dispatcher.Post(std::move(ptr));

While it looks like more work, it now actually supports passing in a temporary variable, like so:

dispatcher.Post(std::make_unique<ButtonPressEvent>(11));

In fact, since it is likely that you want to create and post the event in one go, you could make Post() a template that does this:

template<typename T, typename... Args>
void Post(Args&&... args) {
    mEvents.push_back(std::make_unique<T>(std::forward<Args>(args)...));
}

And then the caller can do:

dispatcher.Post<ButtonPressEvent>(11);

Another lifetime issue happens when the observers are called. Again, you pass the event as a reference to a std::unique_ptr<Event>, since you defined the type of an observer as:

using EventHandlerType = std::function<void(std::unique_ptr<Event>&)>;

However, this allows an observer to modify the event, and even std::move() the event out of the std::unique_ptr. This is clearly very undesirable, as there might be multiple observers, and they all should see the same event. Instead, you should pass a const reference to the Event:

using EventHandlerType = std::function<void(const Event&)>;

Call the observers like so:

for (auto& event : mEvents)
    for (auto& observer : mObservers.at(event->Type()))
        observer(*event);

And then the observer looks like:

void App::OnButtonPressEvent(const Event& event) {
    auto& b = static_cast<const ButtonPressEvent&>(event);

    std::cout << "Button pin " << b.mPin << " pressed\n";
}
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  • 2
    \$\begingroup\$ I think it is possible to get rid of the static_cast, but that would require Dispatcher to know about all possible event types, either explicitly or by making Dispatcher a template and have each dispatcher instance deal with a single event type. It might not be worth the effort. \$\endgroup\$
    – G. Sliepen
    Dec 12, 2021 at 11:04
  • 1
    \$\begingroup\$ For template instantiation to work, the whole definition must be known at the point where it is instantiated. So move the implementation of Dispatcher::Post() into class Dispatch in dispatcher.hpp. \$\endgroup\$
    – G. Sliepen
    Dec 12, 2021 at 14:26
  • 1
    \$\begingroup\$ Thank you. Now everything works. On thing, in the OnButtonPressedEvent function a const is needed for the static_cast to work: const ButtonPressEvent &b = ... \$\endgroup\$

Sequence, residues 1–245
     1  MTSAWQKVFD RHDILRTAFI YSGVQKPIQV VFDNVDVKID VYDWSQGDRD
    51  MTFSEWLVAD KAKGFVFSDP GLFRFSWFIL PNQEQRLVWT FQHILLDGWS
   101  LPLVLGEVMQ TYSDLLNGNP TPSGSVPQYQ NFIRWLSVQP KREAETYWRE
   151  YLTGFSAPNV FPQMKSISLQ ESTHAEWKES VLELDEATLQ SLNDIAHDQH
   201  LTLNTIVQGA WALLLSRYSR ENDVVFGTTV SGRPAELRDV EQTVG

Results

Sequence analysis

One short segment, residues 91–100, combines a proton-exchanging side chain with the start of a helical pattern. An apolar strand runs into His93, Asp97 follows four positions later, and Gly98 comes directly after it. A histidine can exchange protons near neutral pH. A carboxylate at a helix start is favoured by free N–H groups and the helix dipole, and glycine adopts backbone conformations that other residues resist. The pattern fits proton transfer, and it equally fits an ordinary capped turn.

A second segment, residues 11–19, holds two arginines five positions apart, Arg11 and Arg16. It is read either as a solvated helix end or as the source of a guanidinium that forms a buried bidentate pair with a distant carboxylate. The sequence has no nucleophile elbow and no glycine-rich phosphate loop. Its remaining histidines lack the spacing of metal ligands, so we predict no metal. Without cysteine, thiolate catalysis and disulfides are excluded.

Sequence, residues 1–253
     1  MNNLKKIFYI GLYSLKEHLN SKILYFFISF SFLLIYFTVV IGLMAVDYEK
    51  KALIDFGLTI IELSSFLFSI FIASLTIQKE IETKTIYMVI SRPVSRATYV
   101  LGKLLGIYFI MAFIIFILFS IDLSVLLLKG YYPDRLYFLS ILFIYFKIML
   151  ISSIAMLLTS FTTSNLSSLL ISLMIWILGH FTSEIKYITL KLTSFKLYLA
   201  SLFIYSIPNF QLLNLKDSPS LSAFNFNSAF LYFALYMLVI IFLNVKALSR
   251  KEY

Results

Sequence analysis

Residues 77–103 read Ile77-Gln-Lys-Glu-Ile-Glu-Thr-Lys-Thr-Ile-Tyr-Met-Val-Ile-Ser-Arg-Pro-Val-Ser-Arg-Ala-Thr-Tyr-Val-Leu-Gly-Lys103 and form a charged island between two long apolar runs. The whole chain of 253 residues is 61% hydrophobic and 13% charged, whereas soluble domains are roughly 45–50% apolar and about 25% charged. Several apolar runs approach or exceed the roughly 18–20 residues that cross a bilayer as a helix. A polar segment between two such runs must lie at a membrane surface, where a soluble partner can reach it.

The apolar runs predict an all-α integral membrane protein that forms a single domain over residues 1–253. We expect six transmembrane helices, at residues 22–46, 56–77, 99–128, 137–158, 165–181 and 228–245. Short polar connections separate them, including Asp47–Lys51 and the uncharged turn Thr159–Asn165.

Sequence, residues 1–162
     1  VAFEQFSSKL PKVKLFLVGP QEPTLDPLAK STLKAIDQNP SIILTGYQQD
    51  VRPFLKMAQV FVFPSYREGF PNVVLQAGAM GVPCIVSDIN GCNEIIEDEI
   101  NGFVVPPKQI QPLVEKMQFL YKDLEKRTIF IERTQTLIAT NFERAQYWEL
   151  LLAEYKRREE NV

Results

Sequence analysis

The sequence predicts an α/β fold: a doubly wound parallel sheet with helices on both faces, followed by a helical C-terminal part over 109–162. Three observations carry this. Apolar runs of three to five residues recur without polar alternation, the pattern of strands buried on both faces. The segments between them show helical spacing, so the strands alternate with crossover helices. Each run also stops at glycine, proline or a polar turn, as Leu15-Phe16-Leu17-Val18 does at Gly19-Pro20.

– Manu
    Dec 12, 2021 at 16:53
  • 1
    \$\begingroup\$ Correct. I changed the code to use auto; it avoids these kinds of mistakes :) \$\endgroup\$
    – G. Sliepen
    Dec 12, 2021 at 20:24
  • 1
    \$\begingroup\$ Solved it by adding: template<typename T = void> inline void Post() { this->mEvents.push_back(std::make_unique<T>()); } \$\endgroup\$
    – Manu
    Dec 13, 2021 at 18:59
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Be consistent with the coding, currently there are differt strategies for creating default constructors in use.

Prefer to include Header Files in cpp source files

By including header files in header files the code may become a maintenance problem and the size of the code that is compiled after the preprocessor runs may be unnecessary bloated. People who are maintaining code may not look at the header files when they are altering C++ source files. This may also reduce the number of files that need to compile when a header file changes.

The this Object

Generally in C++ one does not need to use the this object to point to member variables or methods. The members can be accessed just by name. In Dispatcer.cpp there is no need to use this. It might have been necessary in the compiler you were using because the constructor wasn't defined. In the header file FactorResetEvent.h The constructor could be a default constructor as well.

#include "Dispatcher.h"

void Dispatcher::Listen(EventType type, const EventHandlerType& funct) {
    mObservers[type].push_back(funct);
}

void Dispatcher::Subscribe(Subscriber* subscriber) {
    for (auto&& event : subscriber->GetSubscribedEvents()) {
        Listen(event.first, event.second);
    }
}

void Dispatcher::Post(std::unique_ptr<Event>& ptr) {
    mEvents.push_back(std::move(ptr));
}

void Dispatcher::Process() {
    if (mEvents.empty()) {
        return;
    }

    for (auto&& event : mEvents) {
        // call listener functions
        for (auto&& observer : this->mObservers.at(event->Type())) {
            observer(event);
        }
    }

    mEvents.clear();
}

Default Constructors

If you are not going to create a constructor for an object, such as the Dispatcher the constructor can be defined as a default constructor. In Subscriber.h the default destructor is used, but there is not constructor defined at all.

class Dispatcher {
public:
    Dispatcher() = default;

    void Listen(EventType type, const EventHandlerType& funct);
    void Subscribe(Subscriber* subscriber);
    void Post(std::unique_ptr<Event>& ptr);
    void Process();

private:
    std::map<EventType, std::vector<EventHandlerType>> mObservers;
    std::vector<std::unique_ptr<Event>> mEvents;
};

My compiler and linker (Visual Studio 2019) reported that the constructor was undefined when I compiled the program.

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2
  • \$\begingroup\$ Thank you very much for your feedback. Regarding the includes: Do you mean to use forward declarations instead for the types? Regarding the "this" object: It's just my personal style. I like to use the this object. I'll definitely rework my constructors. \$\endgroup\$
    – Manu
    Dec 12, 2021 at 10:28
  • \$\begingroup\$ If you are going to code in C++ professionally you need to stop using this. It is very uncommon. It possibly indicates your first programming language was PHP. \$\endgroup\$
    – pacmaninbw
    Dec 12, 2021 at 14:51